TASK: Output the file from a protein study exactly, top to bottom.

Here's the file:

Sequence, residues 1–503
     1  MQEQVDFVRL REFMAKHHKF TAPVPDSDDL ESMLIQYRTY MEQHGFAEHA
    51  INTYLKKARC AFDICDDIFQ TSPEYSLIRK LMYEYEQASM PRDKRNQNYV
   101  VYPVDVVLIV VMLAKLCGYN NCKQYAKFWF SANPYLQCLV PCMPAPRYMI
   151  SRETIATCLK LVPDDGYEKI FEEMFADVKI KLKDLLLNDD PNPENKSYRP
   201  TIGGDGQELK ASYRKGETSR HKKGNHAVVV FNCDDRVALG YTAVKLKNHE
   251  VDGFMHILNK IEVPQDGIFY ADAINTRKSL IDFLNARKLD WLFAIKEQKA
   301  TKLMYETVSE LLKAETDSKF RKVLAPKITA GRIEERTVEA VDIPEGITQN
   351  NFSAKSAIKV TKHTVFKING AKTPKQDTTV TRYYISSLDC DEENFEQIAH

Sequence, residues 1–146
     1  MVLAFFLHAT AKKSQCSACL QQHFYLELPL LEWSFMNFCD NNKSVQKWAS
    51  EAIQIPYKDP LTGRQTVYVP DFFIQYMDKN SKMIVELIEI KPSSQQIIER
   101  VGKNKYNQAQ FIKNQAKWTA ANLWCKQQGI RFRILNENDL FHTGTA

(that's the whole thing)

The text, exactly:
Sequence, residues 1–503
     1  MQEQVDFVRL REFMAKHHKF TAPVPDSDDL ESMLIQYRTY MEQHGFAEHA
    51  INTYLKKARC AFDICDDIFQ TSPEYSLIRK LMYEYEQASM PRDKRNQNYV
   101  VYPVDVVLIV VMLAKLCGYN NCKQYAKFWF SANPYLQCLV PCMPAPRYMI
   151  SRETIATCLK LVPDDGYEKI FEEMFADVKI KLKDLLLNDD PNPENKSYRP
   201  TIGGDGQELK ASYRKGETSR HKKGNHAVVV FNCDDRVALG YTAVKLKNHE
   251  VDGFMHILNK IEVPQDGIFY ADAINTRKSL IDFLNARKLD WLFAIKEQKA
   301  TKLMYETVSE LLKAETDSKF RKVLAPKITA GRIEERTVEA VDIPEGITQN
   351  NFSAKSAIKV TKHTVFKING AKTPKQDTTV TRYYISSLDC DEENFEQIAH

Sequence, residues 1–146
     1  MVLAFFLHAT AKKSQCSACL QQHFYLELPL LEWSFMNFCD NNKSVQKWAS
    51  EAIQIPYKDP LTGRQTVYVP DFFIQYMDKN SKMIVELIEI KPSSQQIIER
   101  VGKNKYNQAQ FIKNQAKWTA ANLWCKQQGI RFRILNENDL FHTGTA